If you're like most consumers, you've experienced slackfill many times but just didn’t know what it was called. Imagine opening a large bag of potato chips—“poof,” out comes a gust of air. As you look inside you wonder where all the chips have gone, in what looks like a half-eaten bag. Or, you open a bottle of aspirin, and there’s a cotton ball at the top of the pills. The air and the cotton ball are examples of slackfill.
More specifically, slackfill is the difference in volume between the product a manufacturer puts inside a box or bag and the package’s overall capacity. In other words, slackfill fills up the slack.
But why not just make the package the same size as the product and eliminate slackfill? Sometimes extra space is inevitable because product contents settle after containers are closed. Other times the package needs to have air or another cushioning element inside in order to protect breakable goods (e.g., chips) or to make the product easier to display and handle (e.g., a memory card for a camera). Such “functional” uses of slackfill are fine as far as the law is concerned, and they don’t prompt moral concerns for most consumers.
Companies push legal and ethical limits, however, when the slackfill serves no practical purpose but rather makes consumers believe they’re getting more product for their money than they actually are. For instance, some of Procter & Gamble’s and Unilever’s deodorants have prompted lawsuits because the containers of their solid sticks are about twice as large as the product they contain. For example, one 2.6 ounce product came in a container that measured 5.25”H x 2.5”W, while the deodorant stick itself was only 2.5”H x 2.25”W.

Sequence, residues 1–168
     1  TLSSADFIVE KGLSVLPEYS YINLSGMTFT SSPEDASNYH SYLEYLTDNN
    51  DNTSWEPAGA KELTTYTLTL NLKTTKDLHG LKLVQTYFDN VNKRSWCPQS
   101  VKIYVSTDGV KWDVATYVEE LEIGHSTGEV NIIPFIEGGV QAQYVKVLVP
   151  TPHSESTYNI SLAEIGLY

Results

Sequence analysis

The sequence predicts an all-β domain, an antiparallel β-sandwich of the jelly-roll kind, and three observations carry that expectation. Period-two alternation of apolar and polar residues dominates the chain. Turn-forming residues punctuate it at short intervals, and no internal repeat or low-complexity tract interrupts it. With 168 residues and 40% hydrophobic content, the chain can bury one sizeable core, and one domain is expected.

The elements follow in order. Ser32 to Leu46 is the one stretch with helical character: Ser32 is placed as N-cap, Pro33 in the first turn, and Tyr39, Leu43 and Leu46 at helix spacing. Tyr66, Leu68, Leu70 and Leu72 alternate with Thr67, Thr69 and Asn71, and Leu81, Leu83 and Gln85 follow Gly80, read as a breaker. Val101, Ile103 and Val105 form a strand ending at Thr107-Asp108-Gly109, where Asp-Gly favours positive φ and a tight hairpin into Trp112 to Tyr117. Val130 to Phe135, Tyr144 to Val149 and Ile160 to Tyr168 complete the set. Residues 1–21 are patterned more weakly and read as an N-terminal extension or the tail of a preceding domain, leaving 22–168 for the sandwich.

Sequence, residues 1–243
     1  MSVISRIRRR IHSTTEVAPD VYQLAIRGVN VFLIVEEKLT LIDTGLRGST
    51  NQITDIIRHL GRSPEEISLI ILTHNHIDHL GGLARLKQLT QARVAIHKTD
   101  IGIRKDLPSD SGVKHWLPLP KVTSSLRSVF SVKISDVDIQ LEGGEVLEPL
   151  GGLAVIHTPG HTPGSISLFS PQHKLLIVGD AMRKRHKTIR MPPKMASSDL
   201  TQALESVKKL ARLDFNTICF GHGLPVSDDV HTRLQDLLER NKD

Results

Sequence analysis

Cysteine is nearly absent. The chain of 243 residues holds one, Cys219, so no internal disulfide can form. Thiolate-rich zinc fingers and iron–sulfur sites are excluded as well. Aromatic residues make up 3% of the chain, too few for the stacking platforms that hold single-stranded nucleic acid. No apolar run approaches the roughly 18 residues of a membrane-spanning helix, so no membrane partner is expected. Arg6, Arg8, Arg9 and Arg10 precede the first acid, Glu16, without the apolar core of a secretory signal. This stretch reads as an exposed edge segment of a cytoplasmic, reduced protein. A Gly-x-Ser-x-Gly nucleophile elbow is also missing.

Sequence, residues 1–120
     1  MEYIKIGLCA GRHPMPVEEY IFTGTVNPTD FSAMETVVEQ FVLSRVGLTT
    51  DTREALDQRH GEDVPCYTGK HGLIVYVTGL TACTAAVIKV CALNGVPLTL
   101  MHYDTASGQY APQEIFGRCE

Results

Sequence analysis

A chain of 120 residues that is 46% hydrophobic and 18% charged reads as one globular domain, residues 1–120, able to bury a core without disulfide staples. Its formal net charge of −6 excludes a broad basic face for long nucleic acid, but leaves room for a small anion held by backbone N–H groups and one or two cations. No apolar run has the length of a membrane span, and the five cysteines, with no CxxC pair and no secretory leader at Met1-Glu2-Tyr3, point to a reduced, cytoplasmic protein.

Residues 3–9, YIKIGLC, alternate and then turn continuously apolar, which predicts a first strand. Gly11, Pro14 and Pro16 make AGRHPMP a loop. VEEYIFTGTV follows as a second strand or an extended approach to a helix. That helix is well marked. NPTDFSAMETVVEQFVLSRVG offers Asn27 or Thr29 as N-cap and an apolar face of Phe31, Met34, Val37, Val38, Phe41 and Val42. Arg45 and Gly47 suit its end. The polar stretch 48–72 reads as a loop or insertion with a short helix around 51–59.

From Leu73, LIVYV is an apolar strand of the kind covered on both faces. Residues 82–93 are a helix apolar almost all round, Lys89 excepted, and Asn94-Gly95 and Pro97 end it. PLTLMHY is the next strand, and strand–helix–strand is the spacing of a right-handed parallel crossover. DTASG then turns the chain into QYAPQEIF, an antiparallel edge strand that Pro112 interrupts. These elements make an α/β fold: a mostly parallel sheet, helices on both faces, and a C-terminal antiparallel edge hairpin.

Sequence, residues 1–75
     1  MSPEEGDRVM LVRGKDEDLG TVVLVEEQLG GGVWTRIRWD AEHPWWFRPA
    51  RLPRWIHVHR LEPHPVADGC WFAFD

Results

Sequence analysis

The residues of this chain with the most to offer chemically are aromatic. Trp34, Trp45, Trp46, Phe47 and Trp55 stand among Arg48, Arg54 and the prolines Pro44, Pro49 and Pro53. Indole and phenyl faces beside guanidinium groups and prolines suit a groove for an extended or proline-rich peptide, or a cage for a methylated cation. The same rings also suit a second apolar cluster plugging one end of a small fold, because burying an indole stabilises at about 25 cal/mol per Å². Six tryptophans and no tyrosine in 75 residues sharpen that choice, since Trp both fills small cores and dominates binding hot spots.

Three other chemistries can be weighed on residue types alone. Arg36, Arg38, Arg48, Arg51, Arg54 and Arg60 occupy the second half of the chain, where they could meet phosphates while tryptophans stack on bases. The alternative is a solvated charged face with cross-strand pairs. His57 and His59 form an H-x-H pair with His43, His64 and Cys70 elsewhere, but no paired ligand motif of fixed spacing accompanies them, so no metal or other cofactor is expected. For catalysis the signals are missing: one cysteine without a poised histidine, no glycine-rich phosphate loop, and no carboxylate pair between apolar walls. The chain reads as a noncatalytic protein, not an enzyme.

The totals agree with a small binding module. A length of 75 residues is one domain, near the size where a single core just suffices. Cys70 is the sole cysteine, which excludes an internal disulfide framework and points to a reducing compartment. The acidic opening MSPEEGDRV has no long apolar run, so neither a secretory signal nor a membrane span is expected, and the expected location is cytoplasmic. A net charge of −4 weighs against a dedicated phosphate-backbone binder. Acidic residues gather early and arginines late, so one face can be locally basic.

Such examples are bothersome, but what’s even more troubling is when a manufacturer decreases the amount of product while continuing to sell it in the same size container for the same price. This was the recent strategy of international spice maker McCormick & Company, which reduced the amount of product in its classic pepper container (2) from 4 oz. to 3 oz.—a 25% decrease. Most consumers would probably never notice such a change while they unwittingly purchased less pepper and got more slackfill.
McCormick chose this stealthy strategy because its pepper costs had climbed, but it didn’t think it could pass on a price increase to consumers. Costs do increase, in which case it’s often unrealistic for organizations to simply absorb them. However, it’s also not acceptable to lead people to believe they’re getting more than they actually are—such deception is one of the main problems with excessive slackfill.
Another problem is the packaging itself. Even casual consumers are increasingly aware that packaging materials cost money and can have a negative environmental impact. Using more packaging than is needed, therefore, represents poor stewardship of valuable resources.
Although companies may get away with a guise in the short-run, people eventually realize when they are being deceived. They also understand the wastefulness of unnecessarily big bags and boxes. For these reasons, the use of excessive slackfill threatens societal values like honesty and environmental stewardship without offering much potential for creating long-term stakeholder value. Needlessly big packaging certainly isn’t better; it’s just “Mindless Marketing.”